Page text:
Spring’s spirit of renewal and vibrancy is in the air. Taking a stroll on a sunny weekend morning, I was enamored with the beauty of blooming flowers – especially a tree with gorgeous trumpet flowers (dubbed as the Lion City’s sakura, or ‘cherry blossoms’) that showered the walk path with what felt like hundreds of flowers. While continuing on my stroll, I was thinking to myself that having a mini picnic and a wonderful mug of matcha latte would be perfect in this scenery.
There is a reason for my matcha thoughts: I had just been acquainted with the newest member of my beverage stash. Behold, the new Starbucks instant drink… matcha latte, which hails from Japan. Manufactured by Nestle, this drink is part of the Starbucks premium mixes range.
Matcha has been winning the hearts and taste buds of Starbucks enthusiasts for roughly two decades, beginning with the Starbucks menus in Asia before making its way to the US a few years later. My go-to order is the matcha frappe, so I was intrigued with the idea of bringing the flavors I am used to enjoying at their cafés to my home. Making this matcha latte is a simple process: all you need is hot water and you’ve got a cup of matcha latte.
Similar to the previous Starbucks premium instant drinks I shared last year, tiny bubbles began forming on the thin, matte green foam-like layer upon mixing the instant mixture in hot water.
A fundamental part to drinks that are classified as a ‘latte’ is the milk that is added to the primary flavor. The fascinating fact about this macha latte is that the ‘milk’ component is featured as two dairy ingredients: cow’s milk (which is regular milk) and a creamer mix that features Hokkaido skimmed milk. Although I’ve heard the words ‘Hokkaido milk’ before, I’ve never really dived into the ingredient’s popularity. What is ‘Hokkaido milk’? My sleuthing boots guided me to Hokkaido for a short excursion.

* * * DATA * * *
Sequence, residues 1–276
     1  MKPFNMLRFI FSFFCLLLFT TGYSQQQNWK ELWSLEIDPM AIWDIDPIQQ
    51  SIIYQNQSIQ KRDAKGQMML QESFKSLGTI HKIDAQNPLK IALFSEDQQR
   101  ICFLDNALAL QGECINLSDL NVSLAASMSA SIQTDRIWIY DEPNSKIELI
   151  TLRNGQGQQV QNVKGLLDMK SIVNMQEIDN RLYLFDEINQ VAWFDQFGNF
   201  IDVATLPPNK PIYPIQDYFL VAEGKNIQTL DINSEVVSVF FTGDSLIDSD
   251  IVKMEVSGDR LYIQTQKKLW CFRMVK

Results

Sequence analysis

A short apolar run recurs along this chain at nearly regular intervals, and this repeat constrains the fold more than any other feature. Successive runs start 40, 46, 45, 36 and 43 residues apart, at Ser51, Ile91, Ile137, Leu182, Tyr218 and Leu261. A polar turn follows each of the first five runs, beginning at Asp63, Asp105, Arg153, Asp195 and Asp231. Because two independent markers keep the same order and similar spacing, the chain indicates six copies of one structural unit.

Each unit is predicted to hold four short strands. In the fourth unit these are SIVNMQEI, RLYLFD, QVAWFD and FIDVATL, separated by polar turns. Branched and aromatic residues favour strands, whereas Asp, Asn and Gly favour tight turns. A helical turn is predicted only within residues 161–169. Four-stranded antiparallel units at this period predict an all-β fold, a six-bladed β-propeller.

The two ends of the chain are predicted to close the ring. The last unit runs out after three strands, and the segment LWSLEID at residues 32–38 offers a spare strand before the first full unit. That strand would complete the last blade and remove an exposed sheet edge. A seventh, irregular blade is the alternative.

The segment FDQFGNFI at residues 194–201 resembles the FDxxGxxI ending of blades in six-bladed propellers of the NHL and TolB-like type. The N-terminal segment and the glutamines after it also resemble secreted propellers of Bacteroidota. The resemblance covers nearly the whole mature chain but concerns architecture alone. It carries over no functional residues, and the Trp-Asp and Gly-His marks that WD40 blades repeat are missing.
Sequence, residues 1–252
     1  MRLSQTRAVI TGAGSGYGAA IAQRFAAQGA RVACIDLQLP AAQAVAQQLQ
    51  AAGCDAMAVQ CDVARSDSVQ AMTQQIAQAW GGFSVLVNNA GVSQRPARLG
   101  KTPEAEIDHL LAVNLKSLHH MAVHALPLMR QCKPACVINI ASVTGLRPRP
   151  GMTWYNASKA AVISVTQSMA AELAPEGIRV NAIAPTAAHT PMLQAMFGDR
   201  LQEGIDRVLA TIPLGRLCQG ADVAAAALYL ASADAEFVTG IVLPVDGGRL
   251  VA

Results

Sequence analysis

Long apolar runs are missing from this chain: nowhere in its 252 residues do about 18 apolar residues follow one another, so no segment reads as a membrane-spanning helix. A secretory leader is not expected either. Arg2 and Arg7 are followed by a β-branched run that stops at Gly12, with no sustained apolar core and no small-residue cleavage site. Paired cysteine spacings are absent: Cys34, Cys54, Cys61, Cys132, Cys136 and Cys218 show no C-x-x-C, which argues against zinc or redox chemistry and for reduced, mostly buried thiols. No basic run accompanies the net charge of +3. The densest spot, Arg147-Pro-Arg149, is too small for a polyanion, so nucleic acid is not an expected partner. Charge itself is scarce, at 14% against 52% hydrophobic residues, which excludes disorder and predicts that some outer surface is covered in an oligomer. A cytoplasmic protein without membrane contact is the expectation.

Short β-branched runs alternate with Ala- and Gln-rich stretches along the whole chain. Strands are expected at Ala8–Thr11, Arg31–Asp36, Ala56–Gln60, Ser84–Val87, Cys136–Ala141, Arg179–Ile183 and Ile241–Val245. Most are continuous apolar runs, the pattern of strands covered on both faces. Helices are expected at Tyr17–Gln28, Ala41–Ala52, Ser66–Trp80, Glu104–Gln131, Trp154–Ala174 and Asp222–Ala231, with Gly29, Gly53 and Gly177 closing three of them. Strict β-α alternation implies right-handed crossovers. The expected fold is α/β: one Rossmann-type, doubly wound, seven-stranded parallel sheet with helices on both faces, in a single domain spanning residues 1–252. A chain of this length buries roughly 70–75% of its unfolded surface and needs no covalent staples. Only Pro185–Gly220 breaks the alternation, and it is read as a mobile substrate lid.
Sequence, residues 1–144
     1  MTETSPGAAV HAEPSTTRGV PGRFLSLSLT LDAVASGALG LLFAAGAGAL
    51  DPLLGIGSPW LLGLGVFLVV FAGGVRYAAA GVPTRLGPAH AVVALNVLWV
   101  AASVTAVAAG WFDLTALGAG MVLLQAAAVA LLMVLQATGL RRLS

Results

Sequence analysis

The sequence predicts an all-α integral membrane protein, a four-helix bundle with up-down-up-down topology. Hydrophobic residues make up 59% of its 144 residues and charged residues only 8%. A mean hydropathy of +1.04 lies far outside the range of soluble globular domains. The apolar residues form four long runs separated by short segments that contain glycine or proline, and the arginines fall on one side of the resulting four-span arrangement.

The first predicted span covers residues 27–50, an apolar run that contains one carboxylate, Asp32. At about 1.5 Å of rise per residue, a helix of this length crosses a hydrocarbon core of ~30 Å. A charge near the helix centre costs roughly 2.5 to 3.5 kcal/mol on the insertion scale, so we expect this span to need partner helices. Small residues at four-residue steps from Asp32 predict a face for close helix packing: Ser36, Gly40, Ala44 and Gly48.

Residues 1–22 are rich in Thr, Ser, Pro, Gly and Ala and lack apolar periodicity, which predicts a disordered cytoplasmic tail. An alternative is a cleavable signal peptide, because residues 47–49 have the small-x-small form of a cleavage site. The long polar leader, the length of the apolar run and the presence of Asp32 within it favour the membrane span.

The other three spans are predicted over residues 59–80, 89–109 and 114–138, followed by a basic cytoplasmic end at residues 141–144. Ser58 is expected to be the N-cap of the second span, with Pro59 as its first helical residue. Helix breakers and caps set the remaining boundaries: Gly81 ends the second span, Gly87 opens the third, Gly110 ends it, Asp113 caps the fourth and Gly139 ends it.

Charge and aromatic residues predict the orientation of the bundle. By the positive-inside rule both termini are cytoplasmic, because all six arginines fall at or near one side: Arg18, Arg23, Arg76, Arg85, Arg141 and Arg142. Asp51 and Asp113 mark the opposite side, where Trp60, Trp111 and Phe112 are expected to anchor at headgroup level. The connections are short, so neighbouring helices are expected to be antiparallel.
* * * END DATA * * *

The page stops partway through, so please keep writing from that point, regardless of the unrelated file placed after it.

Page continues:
As the name suggests, ‘Hokkaido milk’ is milk from Hokkaido. Hokkaido is known for producing around half of Japan’s dairy products, and Hokkaido milk is a renowned ingredient among Japanese foodies. Hokkaido Milk is said to be of high quality thanks to the region’s pristine environment, as the cows’ humble abodes are located in the lush Northern Japanese countryside. This explains why the must-try desserts for anyone who is visiting Hokkaido tend to include ice creams, sweet cheese tarts and cheesecakes. Even sliced bread embraces Hokkaido milk too – ‘Hokkaido milk bread’ has taken the baking world by storm with its fluffy goodness! From sleuthing, I discovered that Hokkaido milk is loved for its smooth, silky and creamy mouthfeel, hence being a popular choice for iced lattes and milk teas in Japan.
While the milk-creamer combo has a significant role in the latte, matcha solidifies its position as the star. Milk’s rich profile works perfectly in this latte, because it elevates matcha by both refining and celebrating the powdered green tea’s earthy tone. Reflecting on my discovery on Hokkaido milk, I believe the silkiness of this creamy green concoction is credited to the creamer.
Along with dairy bits, sugar is added to the mix. This touch of sweetness reduces the intensity of matcha’s naturally-bitter flavor. To my taste buds, the sweet part is more-so a crew member that works its magic behind the scenes in the flavorful production, because it doesn’t stand out as much as the matcha powder and dairy elements. Also, I feel like this latte isn’t identical to a matcha frappe with a dollop of whipped cream on top, but both matcha drinks are fairly similar flavor-wise.
When it comes to matcha lattes, the collab between matcha powder, milk/creamer and at times sugar/sweetener are a foodie’s definition of “teamwork makes the dream work”. To my palate, this latte lives up to that philosophy.